Reply: One might respond that for there to be a genuine contradiction here, we have to mean ‘unjustified killing’ by each instance of the term ‘murder’ in the above objection. It seems plausible, though, that this is not the case – when the state sanctions the death penalty in particular cases, this is not unjustified killing, rather, it is entirely justified (at least as far as retributivism is concerned).

Two related objections to retributivism, concerning the notion of ‘proportionality’

First of all, one might point out the rather obvious fact that any two human beings (where the term ‘human being’ does not necessarily imply ‘personhood’) will be different in many respects (e.g. in terms of age, health, physical and mental ability, etc.) If a murderer is old, relative to his or her victim, one might argue that this will mean that in facing the death penalty, the murderer loses something of lesser value than his victim lost. The younger victim would have had many more years of life to look forward to, compared to the older murderer. So the victim loses something more valuable in losing his life than the murderer does, in facing the death penalty.

It may initially be replied, though, that the fact that such differences exist between any two human beings, does not necessarily mean that one life is more valuable than another. Rather, one might hold that all human life is *equally valuable*, merely because it is human life that is at issue (but then, what makes killing human animals worse than raising non-human animals to kill them in the meat-industry, which in turn contributes to global warming which is killing the planet?)

Secondly, one might claim that the fact that there is a *time-delay* between being sentenced to death and facing the death penalty introduces a disproportionality between the victim’s situation and that of his murderer. Whereas murder victims usually face their death with no prior warning, this is not true of murderers facing the death penalty. For usually, once the death sentence has been passed, a convicted murderer will have to wait perhaps months (or perhaps even years) before they actually face execution. This will involve the convict’s experiencing constant mental anguish whilst awaiting his or her fate, whereas the murderer’s victim (usually) does not experience this sort of psychological suffering. This introduces a disproportionality between the crime of murder and the associated punishment. However, according to the objection under present consideration, given that according to the retributivist view, the punishment must be (at least) proportionate to the crime, the retributivist theory of justification of punishment fails.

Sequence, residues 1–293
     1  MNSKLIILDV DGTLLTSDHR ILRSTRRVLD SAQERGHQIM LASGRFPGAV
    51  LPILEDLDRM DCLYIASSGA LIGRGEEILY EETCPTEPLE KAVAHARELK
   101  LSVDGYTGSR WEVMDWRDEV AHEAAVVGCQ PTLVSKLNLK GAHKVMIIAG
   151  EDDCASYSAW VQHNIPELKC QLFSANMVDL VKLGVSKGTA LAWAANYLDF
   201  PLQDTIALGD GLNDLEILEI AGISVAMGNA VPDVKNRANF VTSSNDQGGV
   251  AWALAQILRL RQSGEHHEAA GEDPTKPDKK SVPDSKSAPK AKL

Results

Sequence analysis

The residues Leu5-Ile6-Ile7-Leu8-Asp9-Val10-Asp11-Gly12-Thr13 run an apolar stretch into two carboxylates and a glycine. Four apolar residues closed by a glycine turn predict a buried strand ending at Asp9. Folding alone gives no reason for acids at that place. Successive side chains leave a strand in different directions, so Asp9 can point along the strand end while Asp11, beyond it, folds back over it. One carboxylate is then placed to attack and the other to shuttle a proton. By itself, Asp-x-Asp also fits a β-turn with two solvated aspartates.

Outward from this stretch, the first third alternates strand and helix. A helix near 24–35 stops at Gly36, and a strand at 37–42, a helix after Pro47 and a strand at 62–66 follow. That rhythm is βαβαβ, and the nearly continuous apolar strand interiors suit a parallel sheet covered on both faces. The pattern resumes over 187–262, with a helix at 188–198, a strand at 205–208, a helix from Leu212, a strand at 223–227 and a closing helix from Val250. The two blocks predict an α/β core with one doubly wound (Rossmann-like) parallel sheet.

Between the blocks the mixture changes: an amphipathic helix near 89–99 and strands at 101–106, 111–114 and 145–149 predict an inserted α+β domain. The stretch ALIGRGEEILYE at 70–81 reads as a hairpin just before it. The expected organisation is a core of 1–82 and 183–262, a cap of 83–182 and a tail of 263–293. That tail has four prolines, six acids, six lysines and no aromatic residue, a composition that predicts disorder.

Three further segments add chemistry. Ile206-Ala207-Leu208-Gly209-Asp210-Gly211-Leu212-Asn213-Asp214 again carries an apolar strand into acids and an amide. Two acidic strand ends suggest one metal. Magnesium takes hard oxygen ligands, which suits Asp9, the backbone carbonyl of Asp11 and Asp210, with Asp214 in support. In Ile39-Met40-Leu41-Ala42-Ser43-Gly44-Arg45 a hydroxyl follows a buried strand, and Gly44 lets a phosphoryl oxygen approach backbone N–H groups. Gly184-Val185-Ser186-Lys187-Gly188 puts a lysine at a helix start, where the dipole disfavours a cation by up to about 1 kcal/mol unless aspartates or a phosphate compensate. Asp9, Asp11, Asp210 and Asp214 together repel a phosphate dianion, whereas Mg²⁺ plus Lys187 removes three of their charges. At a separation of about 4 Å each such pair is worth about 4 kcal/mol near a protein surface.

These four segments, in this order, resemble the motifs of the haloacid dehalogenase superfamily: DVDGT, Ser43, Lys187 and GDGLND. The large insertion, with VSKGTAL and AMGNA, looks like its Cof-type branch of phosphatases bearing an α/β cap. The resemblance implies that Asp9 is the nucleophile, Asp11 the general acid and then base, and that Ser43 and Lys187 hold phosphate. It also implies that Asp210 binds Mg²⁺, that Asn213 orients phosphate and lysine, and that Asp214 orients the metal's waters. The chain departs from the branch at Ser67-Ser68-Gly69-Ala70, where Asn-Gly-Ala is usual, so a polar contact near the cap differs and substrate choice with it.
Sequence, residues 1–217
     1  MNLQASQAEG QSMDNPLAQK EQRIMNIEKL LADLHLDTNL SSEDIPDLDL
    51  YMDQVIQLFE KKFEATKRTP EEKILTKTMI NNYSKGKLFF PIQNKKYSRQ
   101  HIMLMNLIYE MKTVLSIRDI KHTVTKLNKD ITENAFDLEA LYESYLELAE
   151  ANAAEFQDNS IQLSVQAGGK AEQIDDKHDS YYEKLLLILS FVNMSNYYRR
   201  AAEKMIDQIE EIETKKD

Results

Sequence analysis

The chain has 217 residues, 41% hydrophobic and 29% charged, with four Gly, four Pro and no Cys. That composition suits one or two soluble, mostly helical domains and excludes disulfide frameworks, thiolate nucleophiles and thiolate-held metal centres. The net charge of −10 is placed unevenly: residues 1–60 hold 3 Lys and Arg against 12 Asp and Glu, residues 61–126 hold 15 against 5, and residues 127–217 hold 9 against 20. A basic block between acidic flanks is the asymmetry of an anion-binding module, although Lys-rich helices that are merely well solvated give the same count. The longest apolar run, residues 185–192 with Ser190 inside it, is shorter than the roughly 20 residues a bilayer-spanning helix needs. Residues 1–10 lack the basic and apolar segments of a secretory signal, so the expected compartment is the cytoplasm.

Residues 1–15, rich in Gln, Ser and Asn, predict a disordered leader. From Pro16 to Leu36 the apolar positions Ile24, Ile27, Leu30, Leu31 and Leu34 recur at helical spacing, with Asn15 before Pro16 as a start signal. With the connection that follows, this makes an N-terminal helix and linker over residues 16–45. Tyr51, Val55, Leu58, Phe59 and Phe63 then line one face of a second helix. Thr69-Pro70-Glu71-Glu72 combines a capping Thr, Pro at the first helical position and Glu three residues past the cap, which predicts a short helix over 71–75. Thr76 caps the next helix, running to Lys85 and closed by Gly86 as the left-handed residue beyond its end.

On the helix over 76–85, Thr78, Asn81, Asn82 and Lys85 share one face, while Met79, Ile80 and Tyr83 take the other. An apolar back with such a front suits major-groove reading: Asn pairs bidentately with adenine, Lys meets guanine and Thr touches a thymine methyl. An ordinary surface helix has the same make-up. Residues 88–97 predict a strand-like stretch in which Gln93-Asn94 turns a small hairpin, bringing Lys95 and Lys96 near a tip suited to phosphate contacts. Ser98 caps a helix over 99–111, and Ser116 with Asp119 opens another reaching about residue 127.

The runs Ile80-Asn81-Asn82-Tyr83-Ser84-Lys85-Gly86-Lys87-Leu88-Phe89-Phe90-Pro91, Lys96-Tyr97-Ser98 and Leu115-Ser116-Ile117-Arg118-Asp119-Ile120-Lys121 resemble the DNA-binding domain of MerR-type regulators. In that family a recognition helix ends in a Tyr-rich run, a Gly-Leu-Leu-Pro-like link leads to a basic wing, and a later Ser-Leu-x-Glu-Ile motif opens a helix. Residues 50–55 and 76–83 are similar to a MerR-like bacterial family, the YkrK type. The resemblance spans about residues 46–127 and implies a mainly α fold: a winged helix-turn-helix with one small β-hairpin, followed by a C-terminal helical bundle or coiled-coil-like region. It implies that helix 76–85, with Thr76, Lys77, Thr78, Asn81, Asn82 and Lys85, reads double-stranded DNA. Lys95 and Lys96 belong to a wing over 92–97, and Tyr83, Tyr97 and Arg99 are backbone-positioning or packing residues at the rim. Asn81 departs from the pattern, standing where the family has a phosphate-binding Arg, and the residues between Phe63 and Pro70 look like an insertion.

The retributivist will probably respond to this sort of objection by claiming that it is not a forceful objection against the *institution* of the death penalty, as such. Rather, it is just an objection to the way the death penalty is enforced in contemporary society. Rather than making convicted murderers wait for a protracted period before executing them, the response will be that we should execute them more speedily, in order to redress the disproportionality mentioned above.

Equality (Egalitarian) versus Proportional Retributivism

According to equality retributivism, the principle ‘Lex Talionis’ (law of the talon, or ‘an eye for an eye’) is interpreted quite literally. On this view, whatever offense is committed, the same thing must be done to the offender. In the context of the offense of murder, this would mean that the murderer must be killed, just as he killed someone else.

In order for this ‘eye for an eye’ conception of the justification of punishment to be generally workable, however, it would need to be plausible for a *wide range* of crimes (not just one or two), and provide acceptable answers regarding the amount of punishment that ought to be given in each case.

However, the principle, interpreted literally, just does not seem plausible. Applied strictly, it would require that we torture torturers, burn arsonists, etc. i.e. it would involve *barbaric and inhuman treatment* of criminals.

Secondly, the principle does not give any answer as to how some crimes should be punished. What should we do with spies, embezzlers, airline hijackers, litterers, kidnappers, etc.? The principle gives no answer.